Air Force Fires Nine Nuclear Missile Commanders for Cheating Scandal

Your News Companion by Ben Mathis-Lilley
March 27 2014 7:13 PM

Air Force Fires Nine Nuclear Missile Commanders for Cheating Scandal

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Secretary of the Air Force Deborah Lee James (R) and Air Force Global Strike Command Commander Lt. Gen. Stephen Wilson, during a Pentagon briefing on the cheating investigation.

Photo by Mark Wilson/Getty Images

The Air Force announced on Thursday it had reassigned nine officers as the result of an investigation into a widespread cheating scandal among the nuclear missile launch personnel at Montana’s Malmstrom Air Force Base. The commander of the base also resigned. What started as a probe of potential drug use, uncovered systematic cheating by some 100 crewman on monthly Intercontinental Ballistic Missile proficiency exams. The officers “allegedly shared answers to job proficiency test answers by text message and by exchanging photographs of tests,” officials told the Washington Post.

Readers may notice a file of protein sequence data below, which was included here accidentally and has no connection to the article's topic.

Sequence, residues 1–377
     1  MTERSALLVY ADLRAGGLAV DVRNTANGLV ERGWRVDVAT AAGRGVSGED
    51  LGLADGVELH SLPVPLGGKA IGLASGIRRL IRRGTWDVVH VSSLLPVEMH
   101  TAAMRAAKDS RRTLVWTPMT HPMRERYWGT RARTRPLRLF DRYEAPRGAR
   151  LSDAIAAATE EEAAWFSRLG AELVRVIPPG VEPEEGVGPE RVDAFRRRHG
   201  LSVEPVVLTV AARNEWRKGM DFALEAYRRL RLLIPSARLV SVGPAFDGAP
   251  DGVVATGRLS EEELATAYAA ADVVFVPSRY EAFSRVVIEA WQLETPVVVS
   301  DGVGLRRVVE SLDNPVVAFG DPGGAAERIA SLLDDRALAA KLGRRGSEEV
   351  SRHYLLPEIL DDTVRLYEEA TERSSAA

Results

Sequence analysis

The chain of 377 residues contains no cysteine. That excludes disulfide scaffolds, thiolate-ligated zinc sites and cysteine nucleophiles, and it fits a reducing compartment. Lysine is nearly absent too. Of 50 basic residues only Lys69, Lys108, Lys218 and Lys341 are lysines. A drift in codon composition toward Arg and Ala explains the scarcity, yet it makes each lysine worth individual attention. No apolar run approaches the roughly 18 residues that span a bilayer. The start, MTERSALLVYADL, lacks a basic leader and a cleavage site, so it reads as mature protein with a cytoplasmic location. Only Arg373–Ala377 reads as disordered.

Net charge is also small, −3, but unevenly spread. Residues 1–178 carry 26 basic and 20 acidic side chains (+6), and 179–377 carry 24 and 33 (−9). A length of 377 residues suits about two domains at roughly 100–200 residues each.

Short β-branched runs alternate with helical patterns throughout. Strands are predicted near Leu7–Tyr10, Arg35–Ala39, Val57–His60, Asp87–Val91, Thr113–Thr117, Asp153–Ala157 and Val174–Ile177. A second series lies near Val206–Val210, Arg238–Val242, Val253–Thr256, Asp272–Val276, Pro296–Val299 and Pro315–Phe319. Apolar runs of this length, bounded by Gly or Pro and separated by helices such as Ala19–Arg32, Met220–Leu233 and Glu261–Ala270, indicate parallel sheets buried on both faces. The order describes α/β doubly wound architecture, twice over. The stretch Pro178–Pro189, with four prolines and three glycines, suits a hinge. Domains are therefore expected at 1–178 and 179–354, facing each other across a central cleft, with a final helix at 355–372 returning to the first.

None of the nine midlevel officers dismissed were directly involved in the cheating scandal. According to the New York Times, “nearly the entire chain of command at Malmstrom was fired, not for cheating, Air Force officials said, but for not knowing that nearly half of the base’s missile launch crew either were cheating or knew about the cheating.” The head of the Air Force's Global Strike Command, Reuters reports, described the problem this way: “the root of the problem was the emphasis on perfection in the nuclear mission at the Montana base and throughout the missile force, which led to cheating on exams in an effort to achieve the sort of perfect scores perceived to required for advancement and promotion.”

Elliot Hannon is a writer in Washington, D.C. Follow him on Twitter.

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